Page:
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Ndebele community in Buhera assert rights

by Staff reporter
29 Apr 2019 at 16:45hrs | Views
A NDEBELE chief in the heart of Buhera is pleading with government to provide a local primary school with a Ndebele teacher to preserve their language.

The community, populated by Ndebeles in the heart of Buhera, fled from Esigodini during incessant disruptions of their lives by white settlers in 1927.

Chief Gwebu-Fish told the Daily News that some families are being forced to send their children to relatives in Matabeleland to ensure that they learn their language at primary level.

The Ndebele community here has eight villages.

The chief said Ndebele was briefly taught at the school before the school head retired with his replacement showing no interest in using Ndebele as a language of instruction at school.

"Ndebele was taught briefly but it has since been suspended. There are many challenges. We are trying to engage the local school leadership but we feel they are just not interested.

"The one who had embraced our concerns retired and everything went up in smoke with his replacement. We continue to engage the ministry of Education and we can't say there is progress because there is nothing to show for the years of lobbying.

"At some point, parents were now recalling their children from Matabeleland where they were learning. It affected a lot of children who were adapting to Ndebele and were forced to return to Shona," Chief Gwebu-Fish said.

He said he is concerned that very soon his subjects will only be carrying Ndebele names but unable to speak their language well.

"It is our plea for our children to learn their language. Their language is dying. Very soon they will only be carrying Ndebele names but unable to speak their language well," the distressed chief said.

The chief said he taught himself to read and write Ndebele - a feat he said will not be easy for many to follow.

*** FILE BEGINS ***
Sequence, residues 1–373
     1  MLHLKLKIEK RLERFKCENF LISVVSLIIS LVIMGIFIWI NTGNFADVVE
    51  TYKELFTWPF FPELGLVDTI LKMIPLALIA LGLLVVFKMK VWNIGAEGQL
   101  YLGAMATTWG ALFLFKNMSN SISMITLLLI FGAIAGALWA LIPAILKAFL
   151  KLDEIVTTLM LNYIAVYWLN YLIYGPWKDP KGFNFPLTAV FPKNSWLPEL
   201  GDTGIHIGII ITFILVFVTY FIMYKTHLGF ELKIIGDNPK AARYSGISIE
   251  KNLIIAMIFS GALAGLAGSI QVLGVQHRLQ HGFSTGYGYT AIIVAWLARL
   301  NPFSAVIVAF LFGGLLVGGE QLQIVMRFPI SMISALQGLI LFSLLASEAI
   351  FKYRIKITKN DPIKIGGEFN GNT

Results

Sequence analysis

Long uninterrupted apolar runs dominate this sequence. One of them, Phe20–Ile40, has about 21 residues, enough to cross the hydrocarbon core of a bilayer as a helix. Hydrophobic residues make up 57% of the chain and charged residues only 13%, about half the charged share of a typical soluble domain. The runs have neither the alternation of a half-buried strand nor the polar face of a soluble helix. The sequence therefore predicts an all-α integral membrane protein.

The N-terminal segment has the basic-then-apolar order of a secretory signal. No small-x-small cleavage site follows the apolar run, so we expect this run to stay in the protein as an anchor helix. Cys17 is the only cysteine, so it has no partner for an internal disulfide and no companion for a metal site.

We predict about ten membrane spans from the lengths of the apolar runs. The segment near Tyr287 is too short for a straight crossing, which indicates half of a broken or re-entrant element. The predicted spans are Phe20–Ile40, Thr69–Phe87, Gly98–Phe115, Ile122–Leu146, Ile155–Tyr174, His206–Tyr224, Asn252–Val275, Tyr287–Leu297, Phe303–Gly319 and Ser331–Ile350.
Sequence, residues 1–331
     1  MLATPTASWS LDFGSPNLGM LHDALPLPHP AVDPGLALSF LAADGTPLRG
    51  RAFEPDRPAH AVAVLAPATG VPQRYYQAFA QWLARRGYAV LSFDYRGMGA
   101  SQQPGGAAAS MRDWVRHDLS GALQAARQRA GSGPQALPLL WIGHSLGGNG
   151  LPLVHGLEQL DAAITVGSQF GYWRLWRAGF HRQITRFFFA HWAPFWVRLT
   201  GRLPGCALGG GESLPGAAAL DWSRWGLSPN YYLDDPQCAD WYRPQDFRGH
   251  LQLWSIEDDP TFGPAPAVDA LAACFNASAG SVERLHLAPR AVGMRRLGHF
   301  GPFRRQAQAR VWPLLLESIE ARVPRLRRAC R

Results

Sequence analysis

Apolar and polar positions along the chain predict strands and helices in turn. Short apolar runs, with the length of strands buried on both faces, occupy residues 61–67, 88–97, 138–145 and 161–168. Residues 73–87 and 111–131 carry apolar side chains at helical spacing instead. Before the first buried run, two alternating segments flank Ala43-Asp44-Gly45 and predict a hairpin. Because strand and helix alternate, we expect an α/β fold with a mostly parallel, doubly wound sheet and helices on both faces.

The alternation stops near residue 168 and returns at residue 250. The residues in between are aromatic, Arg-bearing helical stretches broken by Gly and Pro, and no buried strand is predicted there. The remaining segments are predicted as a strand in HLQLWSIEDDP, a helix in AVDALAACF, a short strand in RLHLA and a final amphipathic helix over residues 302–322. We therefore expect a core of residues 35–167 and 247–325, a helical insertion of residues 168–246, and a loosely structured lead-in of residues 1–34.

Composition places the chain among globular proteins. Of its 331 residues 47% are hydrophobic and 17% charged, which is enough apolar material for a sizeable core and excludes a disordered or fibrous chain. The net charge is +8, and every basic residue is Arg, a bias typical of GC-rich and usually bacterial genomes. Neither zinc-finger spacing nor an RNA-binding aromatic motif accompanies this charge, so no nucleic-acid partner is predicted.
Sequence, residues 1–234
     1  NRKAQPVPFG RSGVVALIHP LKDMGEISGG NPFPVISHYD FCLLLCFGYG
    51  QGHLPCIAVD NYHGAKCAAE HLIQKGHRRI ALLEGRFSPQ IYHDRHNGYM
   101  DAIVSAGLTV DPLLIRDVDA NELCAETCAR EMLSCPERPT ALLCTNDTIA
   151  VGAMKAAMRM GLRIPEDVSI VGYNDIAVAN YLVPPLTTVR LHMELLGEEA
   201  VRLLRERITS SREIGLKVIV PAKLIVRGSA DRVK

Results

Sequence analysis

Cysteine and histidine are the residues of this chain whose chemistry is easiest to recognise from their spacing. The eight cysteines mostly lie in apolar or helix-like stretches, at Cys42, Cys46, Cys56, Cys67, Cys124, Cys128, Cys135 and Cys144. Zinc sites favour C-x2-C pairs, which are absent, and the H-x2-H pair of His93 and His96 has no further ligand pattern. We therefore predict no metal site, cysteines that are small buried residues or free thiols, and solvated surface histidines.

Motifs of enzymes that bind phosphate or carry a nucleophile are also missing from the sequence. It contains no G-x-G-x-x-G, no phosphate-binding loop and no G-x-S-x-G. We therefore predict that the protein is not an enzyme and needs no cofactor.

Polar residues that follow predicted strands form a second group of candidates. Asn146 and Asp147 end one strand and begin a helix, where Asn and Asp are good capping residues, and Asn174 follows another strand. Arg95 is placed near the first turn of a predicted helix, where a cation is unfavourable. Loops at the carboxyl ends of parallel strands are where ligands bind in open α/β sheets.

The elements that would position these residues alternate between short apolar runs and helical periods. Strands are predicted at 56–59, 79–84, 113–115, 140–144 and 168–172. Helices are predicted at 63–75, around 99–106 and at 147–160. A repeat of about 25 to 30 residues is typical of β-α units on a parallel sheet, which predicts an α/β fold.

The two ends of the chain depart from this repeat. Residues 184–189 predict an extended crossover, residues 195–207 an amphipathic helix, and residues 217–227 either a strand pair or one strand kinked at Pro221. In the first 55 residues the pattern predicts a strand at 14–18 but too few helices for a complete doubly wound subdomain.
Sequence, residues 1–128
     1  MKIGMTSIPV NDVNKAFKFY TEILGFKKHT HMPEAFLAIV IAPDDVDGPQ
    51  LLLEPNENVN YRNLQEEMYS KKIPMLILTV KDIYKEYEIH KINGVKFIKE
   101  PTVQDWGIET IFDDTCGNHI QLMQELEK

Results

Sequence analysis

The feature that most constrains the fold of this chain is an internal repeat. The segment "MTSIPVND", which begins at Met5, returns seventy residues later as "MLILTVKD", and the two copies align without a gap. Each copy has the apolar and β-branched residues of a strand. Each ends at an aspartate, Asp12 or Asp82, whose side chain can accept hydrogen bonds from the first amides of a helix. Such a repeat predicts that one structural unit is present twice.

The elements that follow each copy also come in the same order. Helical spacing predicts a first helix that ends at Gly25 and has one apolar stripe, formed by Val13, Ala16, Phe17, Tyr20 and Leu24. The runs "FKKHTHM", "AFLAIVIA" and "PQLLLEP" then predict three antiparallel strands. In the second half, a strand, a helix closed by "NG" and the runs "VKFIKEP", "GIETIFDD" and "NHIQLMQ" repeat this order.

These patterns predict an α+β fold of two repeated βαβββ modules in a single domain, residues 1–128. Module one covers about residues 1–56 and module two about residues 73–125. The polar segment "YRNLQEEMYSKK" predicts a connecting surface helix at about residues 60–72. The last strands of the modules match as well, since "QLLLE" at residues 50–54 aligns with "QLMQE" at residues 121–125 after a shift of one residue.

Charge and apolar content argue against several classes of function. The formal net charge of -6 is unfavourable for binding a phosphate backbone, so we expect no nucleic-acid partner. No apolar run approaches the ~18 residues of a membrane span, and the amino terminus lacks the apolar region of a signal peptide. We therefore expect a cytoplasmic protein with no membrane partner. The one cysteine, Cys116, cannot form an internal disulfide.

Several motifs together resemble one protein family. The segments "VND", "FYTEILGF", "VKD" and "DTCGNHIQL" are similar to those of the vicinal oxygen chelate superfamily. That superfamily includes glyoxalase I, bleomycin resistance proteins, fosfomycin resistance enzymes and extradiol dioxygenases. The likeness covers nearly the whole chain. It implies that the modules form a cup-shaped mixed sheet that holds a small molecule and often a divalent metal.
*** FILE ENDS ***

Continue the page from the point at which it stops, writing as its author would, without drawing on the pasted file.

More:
The existence of a thriving Ndebele community deep among the Shona has been vexing observers for decades, with many theories about how they came to be being peddled for decades.

Unlike the often-repeated claims that they were a regiment that chose to stay as a result of tribal conquests during the Ndebeles' infamous raids of the Shona, Chief Gwebu-Fish say they came in peace.

"We came here from near Isigodini town where we were constantly being disturbed by white settler activities and we decided to move as far away as possible from them ending up here in Manicaland.

"We were welcomed by Chief Makumbe who gave us the land we currently have," he said.

He, however, said some groups of his people went on to settle under other chiefs across Buhera, with a significant community under Chief Chimombe in Mlandeni.

Settled in swampy soils, Chief Gwebu-Fish said they chose these as they were similar to the land they had back in Isigodini and this perhaps limited conflict with locals who had no use for the watery plains.

"We chose swampy areas which locals didn't want. We knew the soils were rich because of our experience working them back in Isigodini," he said adding that they were equipped with specialised ploughs and cultivators and would have up to 12 cattle drawing the plough - a monstrosity among locals even to date.

Source - dailynews